Frankenstein. Diction. Overall. In general, Mary Shelly’s diction is intensely descriptive. Like a good ghost story, vividly expressive word choice forms the basis of the reader’s horror.
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In general, Mary Shelly’s diction is intensely descriptive. Like a good ghost story, vividly expressive word choice forms the basis of the reader’s horror.
“Delighted and surprised, I embraced her; but as I imprinted the first kiss on her lips, they became livid with the hue of death; her features appeared to change, and I thought that I held the corpse of my dead mother in my arms; a shroud enveloped her form, and I saw the grave worms crawling in the folds of the flannel” (56).
Descriptions of nature and childhood use positive, glowing diction.
“Their icy and glittering peaks shone in the sunlight over the clouds. My heart, which was before sorrowful, now swelled with something like joy; I exclaimed– ‘Wandering spirits, if indeed ye wander, and do not rest in your narrow beds, allow me this faint happiness, or take me, as your companion away from the joys of life’” (96).
“As yet I looked upon crime as a distant evil; benevolence and generosity were ever present before me, inciting within me a desire to become an actor in the busy scene where so many admirable qualities were called forth and displayed” (127).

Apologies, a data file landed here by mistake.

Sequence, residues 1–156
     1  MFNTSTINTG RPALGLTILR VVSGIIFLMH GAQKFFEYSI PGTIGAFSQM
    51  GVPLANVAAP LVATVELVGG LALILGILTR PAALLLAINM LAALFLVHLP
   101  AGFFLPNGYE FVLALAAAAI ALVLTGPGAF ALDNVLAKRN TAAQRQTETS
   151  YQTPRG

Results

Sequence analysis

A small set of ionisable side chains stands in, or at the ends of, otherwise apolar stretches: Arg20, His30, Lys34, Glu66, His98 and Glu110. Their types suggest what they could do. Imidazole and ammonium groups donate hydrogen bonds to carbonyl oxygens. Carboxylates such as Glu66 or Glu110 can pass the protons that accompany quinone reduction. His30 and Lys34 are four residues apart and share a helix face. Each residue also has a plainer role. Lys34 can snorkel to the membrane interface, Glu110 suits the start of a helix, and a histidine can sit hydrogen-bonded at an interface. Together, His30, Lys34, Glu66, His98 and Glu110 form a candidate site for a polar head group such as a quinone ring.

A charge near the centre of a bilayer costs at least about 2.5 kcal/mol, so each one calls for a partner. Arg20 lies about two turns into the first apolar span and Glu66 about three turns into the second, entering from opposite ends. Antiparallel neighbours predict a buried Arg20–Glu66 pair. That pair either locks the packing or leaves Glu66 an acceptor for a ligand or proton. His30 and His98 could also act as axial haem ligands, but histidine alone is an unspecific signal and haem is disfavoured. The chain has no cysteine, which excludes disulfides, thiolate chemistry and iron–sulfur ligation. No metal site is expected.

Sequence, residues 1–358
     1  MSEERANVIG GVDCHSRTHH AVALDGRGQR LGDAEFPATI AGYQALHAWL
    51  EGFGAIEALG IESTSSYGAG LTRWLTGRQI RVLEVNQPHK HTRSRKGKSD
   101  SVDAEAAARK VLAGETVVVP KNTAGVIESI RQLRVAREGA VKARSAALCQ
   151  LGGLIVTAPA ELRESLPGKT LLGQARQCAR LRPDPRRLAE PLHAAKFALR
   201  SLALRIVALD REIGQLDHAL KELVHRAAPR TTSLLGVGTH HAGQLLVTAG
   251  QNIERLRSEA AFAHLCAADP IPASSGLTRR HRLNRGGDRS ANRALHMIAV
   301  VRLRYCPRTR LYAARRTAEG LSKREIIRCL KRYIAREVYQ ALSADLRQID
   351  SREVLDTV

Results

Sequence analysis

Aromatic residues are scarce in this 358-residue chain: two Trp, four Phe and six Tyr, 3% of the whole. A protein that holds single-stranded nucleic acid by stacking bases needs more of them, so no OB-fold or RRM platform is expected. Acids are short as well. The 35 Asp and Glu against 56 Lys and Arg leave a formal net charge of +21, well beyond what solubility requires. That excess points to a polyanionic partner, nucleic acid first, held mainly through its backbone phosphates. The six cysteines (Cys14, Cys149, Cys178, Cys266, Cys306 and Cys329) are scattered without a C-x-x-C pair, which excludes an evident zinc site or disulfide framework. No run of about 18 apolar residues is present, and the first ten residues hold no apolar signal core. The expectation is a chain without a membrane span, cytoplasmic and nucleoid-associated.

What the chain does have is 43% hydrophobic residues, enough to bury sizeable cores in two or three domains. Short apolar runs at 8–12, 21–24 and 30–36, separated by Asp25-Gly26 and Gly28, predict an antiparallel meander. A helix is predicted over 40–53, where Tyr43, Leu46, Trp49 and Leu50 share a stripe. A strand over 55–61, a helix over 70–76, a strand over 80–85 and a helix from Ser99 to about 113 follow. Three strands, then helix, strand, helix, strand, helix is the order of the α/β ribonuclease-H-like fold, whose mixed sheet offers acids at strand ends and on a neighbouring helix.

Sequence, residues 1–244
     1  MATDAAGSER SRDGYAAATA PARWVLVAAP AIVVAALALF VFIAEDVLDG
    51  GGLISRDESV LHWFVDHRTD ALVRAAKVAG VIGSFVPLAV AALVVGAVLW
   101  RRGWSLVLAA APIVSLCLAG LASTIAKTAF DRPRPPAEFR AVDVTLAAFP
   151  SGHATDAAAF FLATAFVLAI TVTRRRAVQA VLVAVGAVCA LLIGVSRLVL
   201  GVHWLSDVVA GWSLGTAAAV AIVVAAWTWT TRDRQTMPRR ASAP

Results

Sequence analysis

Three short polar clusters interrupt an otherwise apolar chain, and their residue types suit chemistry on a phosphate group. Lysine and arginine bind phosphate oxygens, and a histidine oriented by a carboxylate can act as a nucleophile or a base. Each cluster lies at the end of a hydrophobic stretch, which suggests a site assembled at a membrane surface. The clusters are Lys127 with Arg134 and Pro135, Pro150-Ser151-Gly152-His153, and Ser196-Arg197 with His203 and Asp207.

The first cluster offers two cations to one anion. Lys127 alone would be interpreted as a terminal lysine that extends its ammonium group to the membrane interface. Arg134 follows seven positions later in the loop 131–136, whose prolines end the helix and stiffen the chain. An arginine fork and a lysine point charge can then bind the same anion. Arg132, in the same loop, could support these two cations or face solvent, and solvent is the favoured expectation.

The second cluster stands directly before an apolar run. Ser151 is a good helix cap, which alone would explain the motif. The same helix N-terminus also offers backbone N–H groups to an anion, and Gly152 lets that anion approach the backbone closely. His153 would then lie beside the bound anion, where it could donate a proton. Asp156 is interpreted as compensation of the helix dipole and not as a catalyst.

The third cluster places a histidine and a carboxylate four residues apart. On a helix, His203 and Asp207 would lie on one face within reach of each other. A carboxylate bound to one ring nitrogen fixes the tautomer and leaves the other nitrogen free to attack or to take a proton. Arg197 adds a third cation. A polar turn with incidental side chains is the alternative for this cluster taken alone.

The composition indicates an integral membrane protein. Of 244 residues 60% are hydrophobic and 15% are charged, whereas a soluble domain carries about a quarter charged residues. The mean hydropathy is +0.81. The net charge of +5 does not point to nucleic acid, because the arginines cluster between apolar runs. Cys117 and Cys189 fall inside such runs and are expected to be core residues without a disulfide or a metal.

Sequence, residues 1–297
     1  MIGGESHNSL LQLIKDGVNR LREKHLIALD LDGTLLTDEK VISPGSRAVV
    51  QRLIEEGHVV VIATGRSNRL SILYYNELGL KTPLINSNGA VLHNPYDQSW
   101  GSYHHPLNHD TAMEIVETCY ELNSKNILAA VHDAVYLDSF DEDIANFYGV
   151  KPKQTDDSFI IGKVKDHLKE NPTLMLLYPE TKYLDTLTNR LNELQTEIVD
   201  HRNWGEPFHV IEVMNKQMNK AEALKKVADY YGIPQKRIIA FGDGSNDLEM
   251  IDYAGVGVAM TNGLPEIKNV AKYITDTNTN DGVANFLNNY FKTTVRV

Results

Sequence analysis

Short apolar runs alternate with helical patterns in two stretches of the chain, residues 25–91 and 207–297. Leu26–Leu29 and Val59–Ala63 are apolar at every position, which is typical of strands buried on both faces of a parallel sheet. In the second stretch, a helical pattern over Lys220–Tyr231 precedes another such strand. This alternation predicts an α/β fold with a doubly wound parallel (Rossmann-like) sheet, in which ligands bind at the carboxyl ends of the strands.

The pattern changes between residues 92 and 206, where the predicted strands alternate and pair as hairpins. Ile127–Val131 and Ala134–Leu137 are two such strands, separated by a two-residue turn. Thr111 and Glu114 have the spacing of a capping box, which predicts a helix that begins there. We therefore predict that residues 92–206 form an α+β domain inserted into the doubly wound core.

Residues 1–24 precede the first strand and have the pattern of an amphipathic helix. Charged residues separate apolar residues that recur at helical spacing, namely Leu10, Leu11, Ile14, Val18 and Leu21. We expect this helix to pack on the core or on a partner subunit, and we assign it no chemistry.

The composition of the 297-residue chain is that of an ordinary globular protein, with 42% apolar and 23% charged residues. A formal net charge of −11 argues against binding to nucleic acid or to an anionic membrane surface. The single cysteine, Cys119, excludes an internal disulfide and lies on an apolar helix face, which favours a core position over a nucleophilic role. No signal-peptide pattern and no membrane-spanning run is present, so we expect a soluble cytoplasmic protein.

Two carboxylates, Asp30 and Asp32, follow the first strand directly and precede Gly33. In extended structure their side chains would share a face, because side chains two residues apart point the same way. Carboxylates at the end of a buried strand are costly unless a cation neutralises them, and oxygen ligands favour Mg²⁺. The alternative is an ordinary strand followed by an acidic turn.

“The feelings of kindness and gentleness which I had entertained but a few moments before gave place to hellish rage and gnashing of teeth. Inflamed by pain, I vowed eternal hatred and vengeance to all mankind”(121).
“All was silent again, but his words rang in my ears. I burned with rage to pursue the murderer of my peace and precipitate him into the ocean. I walked up and down my room hastily and perturbed, while my imagination conjured up a thousand images to torment and sting me” (147).
“I wish to soothe him; yet can I counsel one so infinitely miserable, so destitute of every hope of consolation, to live? Oh, no! The only joy that he can now know will be when he composes his shattered spirit to peace and death. Yet he enjoys one comfort, the offspring of solitude and delirium: he believes that, when in dreams he holds converse with his friends and derives from that communion consolation for his miseries or excitements to his vengeance, that are not for the creations of his fancy, but the beings themselves who visit him from the regions of the remote world”(207).
Walton’s diction in this quotes displays mood swings in his speech. While words such as “soothe” and “counsel” show that Walton views Frankenstein as a friend, he also looks down upon the man as crazy and hopeless. In a sense, this dichotomy mirrors the way Frankenstein influences Walton, at once urging him onward to the North pole and serving as an example of the dangers of reckless scientific ambition.